This comfort sensation was further experienced later on when Davies' route led us to the village of Kwaremont, and down (yes, down!) the famous Oude Kwaremont climb. The vibration eating frame and fork once again conspired to keep the bike steady and take the worst out of the hits and bumps. A few kilometres further on from the Oude Kwaremont, we took that famous right turn and were presented with the awesomely frightening sight of the Koppenberg stretching before us. This famous old climb is now back in the Ronde after a one year hiatus – and after originally being left out due to worries about its surface – and we've had a love/hate relationship with it over the past few years. Once again though, the stiffness and damping combination of the MF1 came to our aid and we managed a personal best on the precipitous cobbled surface – in a 39x23T!
MF5 – comfort further defined
After a hearty Flemish lunch in the Centrum's Brasserie de Flandrien, while everyone else was being treated to a visit to the museum and shop, we snuck off alone to try out the new 80 percent flax MF5 frame. The higher concentration of flax fibres in the MF5's main tubes are designed to be even more compliant without making too many compromises on the frame's stiffness.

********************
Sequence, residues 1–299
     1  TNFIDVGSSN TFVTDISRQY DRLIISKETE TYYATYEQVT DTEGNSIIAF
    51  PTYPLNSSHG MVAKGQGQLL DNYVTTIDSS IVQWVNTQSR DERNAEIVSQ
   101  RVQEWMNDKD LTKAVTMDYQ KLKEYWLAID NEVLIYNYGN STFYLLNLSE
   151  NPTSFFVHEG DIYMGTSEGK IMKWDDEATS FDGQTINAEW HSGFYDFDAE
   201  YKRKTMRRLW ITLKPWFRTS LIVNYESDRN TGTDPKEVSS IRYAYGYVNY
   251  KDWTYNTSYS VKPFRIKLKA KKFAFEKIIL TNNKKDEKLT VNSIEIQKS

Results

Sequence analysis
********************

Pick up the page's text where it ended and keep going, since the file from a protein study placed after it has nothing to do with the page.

Despite not feeling like quite as much of a pure racing frame as the MF1, the MF5 still proved to be appropriately rigid as we pounded along Oudenaarde's concrete cycle paths in search of something a bit more challenging. On the way out of town is a hill, the Kattenberg – not often climbed in races, in fact the Ronde usually descends it straight after the Wolvenberg – which is surfaced with small cobblestones, about three inches square. These stones are not as bumpy as the sort that we'd been riding this morning, but the frame almost managed to make it feel like the road was asphalted. Repeated climbing and descending of the Katteberg on the MF5 allowed us to explore its stiffness on the way up and its shock absorbing qualities on the way down. Without a doubt this was one of the most forgiving rides we'd had in quite a while.
Look out for a full test of a Museeuw frame on BikeRadar in the coming weeks.